Report: New “Battery” Manufacturing Jobs Fall Short In Michigan
In 2009, grants and tax credits between the Federal government and the state of Michigan to battery makers totalled some 1.404 billion dollars for the advancement of battery production in the state. That money has not had near the results that were originally expected as reported by the Detroit Free Press this week.
“We got the cart before the horse,” said Dave Cole, chairman of the Ann Arbor-based Center for Automotive Research told the Detroit publication this week.
How bad as it been? A123 Systems went bankrupt, we saw the dissolution of partnerships with Dow Chemical and Johnson Controls, and LG Chem’s much heralded plant to supply batteries to the Chevrolet Volt only recently started producing cells after numerous (and quite embarrassing) delays – and at a production level far below was originally submitted.
The result to date, as tallied by the Detroit Free Press, is far from the “thousands of jobs that were promised,” while observing that Tesla’s “Giga factory” destined for the southern United States only demonstrates the failure more clearly, while puts pressure on what battery production infrastructure is currently found in Michigan
Tesla’s “Giga factory” likely will change the way automakers look at battery technology. Once fully operational, Tesla is expected to more than double the world’s production of lithium-ion batteries and cut the cost of making them in half by 2020.
That could eclipse smaller scale battery production in Michigan and elsewhere. Even the most fervent proponents of GM’s Chevrolet Volt — powered with battery cells made at LG Chem’s plant in Holland — admit that growth has not met expectations.
Re-cap of individual battery programs in Michigan:
- A123 System (Livonia, MI) - secured $249 million DoE grant and $100 million in Michigan credits for 5,000 battery facility. Detroit Free Press reports employment peaked in 2011 at 1,000, but quality issues forced the company into Chapter 11, and was bought out by Chinese part giant Wanxiang. A123 collected $132 million before funding was discontinued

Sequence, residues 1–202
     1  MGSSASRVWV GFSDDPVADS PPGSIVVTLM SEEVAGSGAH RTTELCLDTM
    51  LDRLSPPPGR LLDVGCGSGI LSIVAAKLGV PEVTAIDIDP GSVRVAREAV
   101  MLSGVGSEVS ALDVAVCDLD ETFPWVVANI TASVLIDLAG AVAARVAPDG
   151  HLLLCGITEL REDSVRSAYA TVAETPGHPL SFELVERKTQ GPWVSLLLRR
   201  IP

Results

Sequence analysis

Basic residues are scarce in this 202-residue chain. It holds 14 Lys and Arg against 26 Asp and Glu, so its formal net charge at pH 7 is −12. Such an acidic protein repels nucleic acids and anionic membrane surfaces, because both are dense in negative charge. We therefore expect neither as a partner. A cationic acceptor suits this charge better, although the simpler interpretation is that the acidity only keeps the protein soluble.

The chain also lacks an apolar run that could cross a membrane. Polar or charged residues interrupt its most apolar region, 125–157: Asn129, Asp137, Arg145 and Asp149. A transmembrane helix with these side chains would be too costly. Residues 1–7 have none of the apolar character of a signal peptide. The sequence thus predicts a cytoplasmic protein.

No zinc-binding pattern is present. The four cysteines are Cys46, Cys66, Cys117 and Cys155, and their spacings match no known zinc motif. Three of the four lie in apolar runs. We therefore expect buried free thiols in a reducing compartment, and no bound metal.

- LG Chem (Holland, MI) - received $151 million in federal and state incentives for battery facility to employ 443 people by this year. The plant is now currently operational, but only after a lot of coercion and shaming from the DoE and the public (LG Chem also received more than a million in fines), but today still only runs a skeleton staff of 125 people.
- Johnson Controls-Saft (Holland, MI) Even though their partnership ended in 2011, Johnson Controls maintained its Holland plant via a $299 million federal grant. The plant was to employee about 500 people, but a company spokesperson pegged that number at about 225 at the moment.
- Dow-Kokam (Midland, MI) Again, another failed partnership. In this case Dow sold out to Townsend Ventures. That plant, which received a $161 million DoE grant and $42 million from the state in credits, currently has 225 workers (from and estimated project number of 885) and a Townsend executive Rick Cundiff told the Detroit Free Press that it is running at 10% of capacity.
Despite these results former Gov. Jennifer Granholm, who now teaches at the University of California wasn’t about to admit defeat from the projects her administration green lighted in 2009.
“Just because the jobs haven’t happened ‘yet,’ it doesn’t mean that cracking the code to vehicle batteries was the wrong strategy” – email to the Free Press
Check out the whole in-depth article at the Detroit Free Press